Start dates

  • September 2025

Teaching, Learning and Assessment

Learning and teaching methods include lectures, tutorials, seminars, workshops, group work, projects, and work-based learning opportuities. Particularly at Levels 5 and 6, divisions between these class types dissolve and an individual session with a tutor may involve a range of student-tutor activities. Tutor-led classes provide the core structure and support on individual modules, but the emphasis in learning remains on the your independent engagement with the scope of the module. You are routinely expected, therefore, to prepare in advance for taught sessions.

Within this context, lectures are used selectively to introduce you to key concepts and practices. The emphasis in lectures at all levels is on an interactive learning process, often based on your prior experiences, activities you have prepared in advance, and through in-class tasks.

Seminars are the focal point for student-led discussion and engagement and you are required to prepare materials in advance and to follow-up issues independently as a response to this. You will be required to participate actively in discussions and activities and may be required to undertake individual or group presentations within the seminar format.

Workshops are used to explore and test concepts and practices and, as appropriate, to develop your experiential knowledge, practical skills and techniques. In some instances this will be through the production of creative projects. These projects will be driven by a specific brief, and at Levels 5 and 6, such briefs are geared towards professional practice.

Tutorials are scheduled within modules to provide you with the opportunity for face-to-face supervision; and where appropriate, feed-forward and feedback on assessed tasks.

Digital resources are used to support your learning, made available primarily through the University's Virtual Learning Environment, Blackboard Learn Ultra. You are supported in using these resources from your Level 4 induction programme onwards.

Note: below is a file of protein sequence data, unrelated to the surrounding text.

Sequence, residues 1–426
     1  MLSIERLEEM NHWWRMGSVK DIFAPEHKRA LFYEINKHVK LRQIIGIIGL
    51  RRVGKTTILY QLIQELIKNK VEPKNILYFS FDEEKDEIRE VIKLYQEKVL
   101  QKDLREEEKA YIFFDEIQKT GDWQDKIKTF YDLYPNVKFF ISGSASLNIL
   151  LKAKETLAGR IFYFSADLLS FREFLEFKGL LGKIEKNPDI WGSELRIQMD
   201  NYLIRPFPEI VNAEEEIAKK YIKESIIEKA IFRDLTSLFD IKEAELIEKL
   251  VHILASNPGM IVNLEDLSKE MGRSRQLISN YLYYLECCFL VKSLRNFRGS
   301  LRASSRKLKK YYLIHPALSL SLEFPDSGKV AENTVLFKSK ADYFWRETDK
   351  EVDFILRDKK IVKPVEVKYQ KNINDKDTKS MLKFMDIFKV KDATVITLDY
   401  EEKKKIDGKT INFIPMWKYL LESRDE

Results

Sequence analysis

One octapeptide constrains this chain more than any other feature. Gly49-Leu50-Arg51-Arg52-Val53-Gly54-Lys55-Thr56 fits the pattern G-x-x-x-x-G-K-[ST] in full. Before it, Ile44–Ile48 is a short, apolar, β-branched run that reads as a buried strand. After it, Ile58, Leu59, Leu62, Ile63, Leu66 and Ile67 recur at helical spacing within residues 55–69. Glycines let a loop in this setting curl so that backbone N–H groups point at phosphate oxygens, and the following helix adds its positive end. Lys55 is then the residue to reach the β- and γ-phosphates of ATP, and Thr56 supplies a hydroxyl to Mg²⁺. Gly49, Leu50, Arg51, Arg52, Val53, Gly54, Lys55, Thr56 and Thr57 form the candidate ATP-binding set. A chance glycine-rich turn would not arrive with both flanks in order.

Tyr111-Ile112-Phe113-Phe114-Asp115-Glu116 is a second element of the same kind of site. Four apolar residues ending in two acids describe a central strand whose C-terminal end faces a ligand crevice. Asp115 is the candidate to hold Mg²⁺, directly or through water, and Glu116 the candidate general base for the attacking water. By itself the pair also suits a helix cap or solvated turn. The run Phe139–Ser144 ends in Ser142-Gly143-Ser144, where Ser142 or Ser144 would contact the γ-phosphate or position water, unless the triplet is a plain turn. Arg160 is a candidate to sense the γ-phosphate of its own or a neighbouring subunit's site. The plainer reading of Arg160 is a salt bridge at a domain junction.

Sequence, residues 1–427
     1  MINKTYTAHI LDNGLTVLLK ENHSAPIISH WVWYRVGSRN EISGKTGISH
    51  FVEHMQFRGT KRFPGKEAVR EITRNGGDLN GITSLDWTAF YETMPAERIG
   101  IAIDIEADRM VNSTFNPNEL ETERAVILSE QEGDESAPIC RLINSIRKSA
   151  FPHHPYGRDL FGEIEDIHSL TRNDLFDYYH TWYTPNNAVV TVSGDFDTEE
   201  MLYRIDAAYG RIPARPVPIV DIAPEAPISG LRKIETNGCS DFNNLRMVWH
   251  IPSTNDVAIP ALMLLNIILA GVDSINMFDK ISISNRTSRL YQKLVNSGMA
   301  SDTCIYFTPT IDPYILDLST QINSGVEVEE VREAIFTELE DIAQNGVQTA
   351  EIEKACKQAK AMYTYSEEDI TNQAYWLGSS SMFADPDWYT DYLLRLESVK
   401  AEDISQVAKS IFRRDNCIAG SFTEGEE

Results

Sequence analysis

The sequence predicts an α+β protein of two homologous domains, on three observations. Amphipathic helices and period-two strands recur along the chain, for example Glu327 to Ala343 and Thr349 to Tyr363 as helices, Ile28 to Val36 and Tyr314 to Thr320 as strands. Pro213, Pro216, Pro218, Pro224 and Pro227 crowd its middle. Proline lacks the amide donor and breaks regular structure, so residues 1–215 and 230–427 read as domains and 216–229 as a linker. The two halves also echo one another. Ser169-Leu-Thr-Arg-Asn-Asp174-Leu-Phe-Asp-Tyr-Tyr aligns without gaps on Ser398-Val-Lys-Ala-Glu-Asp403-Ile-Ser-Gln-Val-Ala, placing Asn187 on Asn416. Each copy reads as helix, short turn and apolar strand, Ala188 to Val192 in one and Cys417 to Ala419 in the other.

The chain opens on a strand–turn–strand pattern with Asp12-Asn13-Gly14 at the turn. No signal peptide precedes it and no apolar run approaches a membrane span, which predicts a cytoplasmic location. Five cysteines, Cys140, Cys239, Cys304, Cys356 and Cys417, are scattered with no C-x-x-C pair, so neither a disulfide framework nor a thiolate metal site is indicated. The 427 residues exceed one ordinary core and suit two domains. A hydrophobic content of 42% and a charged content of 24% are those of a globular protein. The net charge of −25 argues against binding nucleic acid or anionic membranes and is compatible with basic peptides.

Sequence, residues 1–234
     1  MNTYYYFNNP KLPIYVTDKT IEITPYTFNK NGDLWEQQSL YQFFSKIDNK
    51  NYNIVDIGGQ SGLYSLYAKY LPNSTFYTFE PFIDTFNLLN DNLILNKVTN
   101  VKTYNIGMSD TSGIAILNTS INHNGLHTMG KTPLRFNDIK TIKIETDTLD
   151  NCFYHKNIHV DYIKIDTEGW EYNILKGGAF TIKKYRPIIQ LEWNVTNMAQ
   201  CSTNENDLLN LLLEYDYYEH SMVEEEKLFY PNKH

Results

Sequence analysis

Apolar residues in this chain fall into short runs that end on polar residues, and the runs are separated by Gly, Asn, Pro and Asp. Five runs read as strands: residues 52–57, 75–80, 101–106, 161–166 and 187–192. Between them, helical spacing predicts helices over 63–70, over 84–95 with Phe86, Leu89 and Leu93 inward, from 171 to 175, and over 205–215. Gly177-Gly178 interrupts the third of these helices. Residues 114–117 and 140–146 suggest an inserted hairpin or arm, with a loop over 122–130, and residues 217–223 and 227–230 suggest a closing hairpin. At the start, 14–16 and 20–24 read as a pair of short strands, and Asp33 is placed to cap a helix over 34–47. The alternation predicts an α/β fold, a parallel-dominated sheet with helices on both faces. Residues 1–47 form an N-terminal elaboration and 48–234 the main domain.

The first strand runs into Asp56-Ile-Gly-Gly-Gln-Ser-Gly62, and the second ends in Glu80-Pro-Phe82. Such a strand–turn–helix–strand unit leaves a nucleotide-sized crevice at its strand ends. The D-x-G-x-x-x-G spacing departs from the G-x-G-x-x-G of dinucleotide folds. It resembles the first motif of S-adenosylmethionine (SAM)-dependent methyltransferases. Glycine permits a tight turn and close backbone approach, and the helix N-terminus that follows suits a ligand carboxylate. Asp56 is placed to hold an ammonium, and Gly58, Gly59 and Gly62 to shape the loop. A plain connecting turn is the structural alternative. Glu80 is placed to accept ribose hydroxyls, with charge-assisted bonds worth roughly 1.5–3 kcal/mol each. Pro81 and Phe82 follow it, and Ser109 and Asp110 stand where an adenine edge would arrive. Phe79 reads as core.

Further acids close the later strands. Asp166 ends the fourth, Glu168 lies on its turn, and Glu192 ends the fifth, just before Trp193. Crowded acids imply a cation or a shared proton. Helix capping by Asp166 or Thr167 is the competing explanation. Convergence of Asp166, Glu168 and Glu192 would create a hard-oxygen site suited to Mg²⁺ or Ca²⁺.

Group work is used within the taught settings and as a significant part of the independent learning process, particularly in areas of practical work. You are given guidance and training in group work processes throughout the programme. Through negotiation, monitoring and reflection within class you are supported in independent group working.

Assessment is designed to assess your achievement of each module’s stated learning outcomes. You can expect to receive timely feedback on all coursework assessments. This feedback may be issued individually and/or issued to the group and you will be encouraged to act on this feedback for your own development.

Assessments vary from module to module but may include essays, presentations, performances, literature reviews, dissertations, workshop demonstrations, creative writing, reflective essays and vivas, portfolios, podcasts and websites, for example. While there are a relatively small number of summative assessments for any module (normally two, a maximum of three), these are supported by a range of opportunities for formative feedback.

Attendance and Independent Study

The content for each course is summarised on the relevant course page, along with an overview of the modules that make up the course.

Each course is approved by the University and meets the expectations of:

  • Attendance and Independent Study

    As part of your course induction, you will be provided with details of the organisation and management of the course, including attendance and assessment requirements - usually in the form of a timetable. For full-time courses, the precise timetable for each semester is not confirmed until close to the start date and may be subject to some change in the early weeks as all courses settle into their planned patterns. For part-time courses which require attendance on particular days and times, an expectation of the days and periods of attendance will be included in the letter of offer. A course handbook is also made available.

    Courses comprise modules for which the notional effort involved is indicated by its credit rating. Each credit point represents 10 hours of student effort. Undergraduate courses typically contain 10, 20, or 40 credit modules (more usually 20) and postgraduate courses typically 15 or 30 credit modules.

    The normal study load expectation for an undergraduate full-time course of study in the standard academic year is 120 credit points. This amounts to around 36-42 hours of expected teaching and learning per week, inclusive of attendance requirements for lectures, seminars, tutorials, practical work, fieldwork or other scheduled classes, private study, and assessment. Teaching and learning activities will be in-person and/or online depending on the nature of the course. Part-time study load is the same as full-time pro-rata, with each credit point representing 10 hours of student effort.

    Postgraduate Master’s courses typically comprise 180 credits, taken in three semesters when studied full-time. A Postgraduate Certificate (PGCert) comprises 60 credits and can usually be completed on a part-time basis in one year. A 120-credit Postgraduate Diploma (PGDip) can usually be completed on a part-time basis in two years.

    Class contact times vary by course and type of module. Typically, for a module predominantly delivered through lectures you can expect at least 3 contact hours per week (lectures/seminars/tutorials). Laboratory classes often require a greater intensity of attendance in blocks. Some modules may combine lecture and laboratory. The precise model will depend on the course you apply for and may be subject to change from year to year for quality or enhancement reasons. Prospective students will be consulted about any significant changes.